Housing Is Looking Up

Last night, before going to bed, I saw the S&P Homebuilders Index (XHB) was up over 8% in after-hours trading.

This morning, I checked and the Index was holding up over 4%!


Why the jump?


That’s after the NAHB and Wells Fargo released worse than expected housing data showing the effects of the shelter-in-place orders are having on the housing market. Their preliminary report for April reading is gloomy, to say the least, as they forecast an almost 60% drop in the index – the largest single-month change in the 35-year history of the index.


Also released, the U.S. Department of Commerce reports that home-building starts fell 22% in March – the worst monthly decline since 1984.


So, if the data was so bad this week, why is the stock not dropping?


Why is it holding its price that’s only down -28% year to date?


Why is it UP 33% from the low of Late March? (The S&P500 is only up 26% from its lows).


I think it’s because of underlying differences in the market and the economic conditions:

Inventory – for example, was already at a low spot going into the Covid-19 pandemic, with January of 2020 mirroring the numbers from 2012 when they started tracking these numbers.  In fact, two of the top three worst inventory areas were here in California (San Jose and San Diego).  This is the opposite supply and demand problem we experienced in 2008.  Unlike the financial crisis, we won’t be seeing half-built ghost towns in this pullback, or likely not even this decade.

“Homebuyers took advantage of low mortgage rates and stable listing prices to drive sales higher at the end of 2019, further depleting the already limited inventory of homes for sale. This is a challenging sign for the large numbers of Millennial and Gen Z buyers coming into the housing market this homebuying season as it implies the potential for rising prices and fast-selling homes—a competitive market.” Said Danielle Hale, Realtor.com’s chief economist.


Lower interest rates – The federal funds rate dropped to 0%-0.25%, the 10yr Treasury Note is trading at roughly 0.6%, and the average mortgage rate for a 30-year fixed is 3.29%.  Furthermore, Market Watch economists agree that under normal circumstances, the rate could drop to as low as 2%.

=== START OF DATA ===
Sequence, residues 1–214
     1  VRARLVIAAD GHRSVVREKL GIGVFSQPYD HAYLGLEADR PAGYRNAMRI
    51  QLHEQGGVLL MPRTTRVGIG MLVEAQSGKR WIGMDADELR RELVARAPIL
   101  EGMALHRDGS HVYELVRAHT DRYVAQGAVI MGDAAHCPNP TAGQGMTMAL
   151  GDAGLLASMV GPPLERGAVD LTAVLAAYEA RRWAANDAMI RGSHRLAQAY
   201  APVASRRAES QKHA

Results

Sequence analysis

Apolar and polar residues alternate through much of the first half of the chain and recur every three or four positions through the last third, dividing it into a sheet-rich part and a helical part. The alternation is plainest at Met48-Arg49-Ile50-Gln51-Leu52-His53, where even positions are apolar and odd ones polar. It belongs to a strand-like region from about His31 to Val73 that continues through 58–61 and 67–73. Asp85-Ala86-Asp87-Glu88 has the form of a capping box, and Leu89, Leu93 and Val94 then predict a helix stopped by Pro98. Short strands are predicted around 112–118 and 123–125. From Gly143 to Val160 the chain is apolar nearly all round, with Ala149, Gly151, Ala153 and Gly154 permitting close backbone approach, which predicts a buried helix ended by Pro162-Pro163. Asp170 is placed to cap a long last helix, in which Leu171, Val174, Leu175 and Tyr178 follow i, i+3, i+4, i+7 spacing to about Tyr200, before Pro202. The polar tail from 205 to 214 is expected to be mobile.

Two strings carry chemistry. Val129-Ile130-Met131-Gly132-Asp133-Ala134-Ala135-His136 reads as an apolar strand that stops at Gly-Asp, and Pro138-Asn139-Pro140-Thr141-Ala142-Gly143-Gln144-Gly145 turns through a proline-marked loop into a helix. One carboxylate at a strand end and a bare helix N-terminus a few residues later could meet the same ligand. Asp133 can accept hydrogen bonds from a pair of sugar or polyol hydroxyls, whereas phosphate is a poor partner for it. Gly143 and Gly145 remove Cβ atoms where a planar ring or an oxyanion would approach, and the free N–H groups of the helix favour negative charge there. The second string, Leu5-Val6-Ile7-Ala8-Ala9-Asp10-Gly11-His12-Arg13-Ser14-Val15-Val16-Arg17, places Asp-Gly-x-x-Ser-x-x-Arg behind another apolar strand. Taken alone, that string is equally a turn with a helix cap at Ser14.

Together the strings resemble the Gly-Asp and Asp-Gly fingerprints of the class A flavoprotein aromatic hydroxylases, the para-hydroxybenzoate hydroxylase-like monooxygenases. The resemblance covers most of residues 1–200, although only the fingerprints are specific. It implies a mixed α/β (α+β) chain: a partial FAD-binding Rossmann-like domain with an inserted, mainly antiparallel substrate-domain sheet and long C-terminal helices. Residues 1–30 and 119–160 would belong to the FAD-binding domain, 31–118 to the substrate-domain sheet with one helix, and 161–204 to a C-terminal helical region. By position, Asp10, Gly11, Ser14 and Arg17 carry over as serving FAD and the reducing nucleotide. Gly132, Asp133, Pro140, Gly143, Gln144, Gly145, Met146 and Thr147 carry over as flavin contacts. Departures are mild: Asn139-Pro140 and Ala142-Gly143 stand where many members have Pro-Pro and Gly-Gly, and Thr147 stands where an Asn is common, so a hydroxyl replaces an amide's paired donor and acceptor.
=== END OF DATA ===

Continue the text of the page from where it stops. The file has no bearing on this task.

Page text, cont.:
Demographics – “In our immediate future, we have demographics on our side. We are in the early stages of the most prominent pro-housing demographic patch ever recorded in U.S. history. The number of Americans ages 26-32 is massive, much bigger than the total population of a lot of countries.” According to Housing Wire.


The worst is likely over – not only in regards to the virus, which is showing signs of peaking and now slowing, but also in terms of economic data.  Although we’re near 20% unemployment nationally, it’s widely understood that the majority of those workers are more or less furloughed for the time being and will be called back to work when the shelter in place orders are lifted. With the Paycheck Protection Program (PPP) running out of money after only two weeks, small businesses are forced to furlough their workers and push that burden onto the unemployment insurance system. When the gyms, restaurants, hair salons, and shopping centers open again, they’re likely going to call back the majority of the already trained employees they furloughed a month ago.

“While new monthly economic data are driving markets lower this week, they are a lagging indicator and should be priced in already.  Real-time daily economic activity metrics suggest that the economy will likely not decline much further” said Sam Khater, Freddie Mac’s chief economist, in Thursday’s report.”


Hi, I'm Scott

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